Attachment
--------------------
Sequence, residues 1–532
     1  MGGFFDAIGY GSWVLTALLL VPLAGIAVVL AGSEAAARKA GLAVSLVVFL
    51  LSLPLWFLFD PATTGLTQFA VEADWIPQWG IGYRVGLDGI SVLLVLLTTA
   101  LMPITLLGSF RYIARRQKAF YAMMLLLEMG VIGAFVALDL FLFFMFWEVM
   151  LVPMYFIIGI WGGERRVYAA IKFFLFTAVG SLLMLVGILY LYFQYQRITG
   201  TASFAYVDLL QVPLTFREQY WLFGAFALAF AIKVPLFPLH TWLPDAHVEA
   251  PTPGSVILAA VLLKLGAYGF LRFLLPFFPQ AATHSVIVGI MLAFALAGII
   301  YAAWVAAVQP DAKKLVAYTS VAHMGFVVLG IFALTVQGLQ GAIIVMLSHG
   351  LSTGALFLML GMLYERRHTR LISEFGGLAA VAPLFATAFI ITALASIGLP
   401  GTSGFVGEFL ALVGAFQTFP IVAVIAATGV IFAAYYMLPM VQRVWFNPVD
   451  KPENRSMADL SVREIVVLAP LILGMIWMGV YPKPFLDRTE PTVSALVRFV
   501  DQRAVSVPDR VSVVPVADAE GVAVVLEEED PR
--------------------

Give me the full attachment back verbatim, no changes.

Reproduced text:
Sequence, residues 1–532
     1  MGGFFDAIGY GSWVLTALLL VPLAGIAVVL AGSEAAARKA GLAVSLVVFL
    51  LSLPLWFLFD PATTGLTQFA VEADWIPQWG IGYRVGLDGI SVLLVLLTTA
   101  LMPITLLGSF RYIARRQKAF YAMMLLLEMG VIGAFVALDL FLFFMFWEVM
   151  LVPMYFIIGI WGGERRVYAA IKFFLFTAVG SLLMLVGILY LYFQYQRITG
   201  TASFAYVDLL QVPLTFREQY WLFGAFALAF AIKVPLFPLH TWLPDAHVEA
   251  PTPGSVILAA VLLKLGAYGF LRFLLPFFPQ AATHSVIVGI MLAFALAGII
   301  YAAWVAAVQP DAKKLVAYTS VAHMGFVVLG IFALTVQGLQ GAIIVMLSHG
   351  LSTGALFLML GMLYERRHTR LISEFGGLAA VAPLFATAFI ITALASIGLP
   401  GTSGFVGEFL ALVGAFQTFP IVAVIAATGV IFAAYYMLPM VQRVWFNPVD
   451  KPENRSMADL SVREIVVLAP LILGMIWMGV YPKPFLDRTE PTVSALVRFV
   501  DQRAVSVPDR VSVVPVADAE GVAVVLEEED PR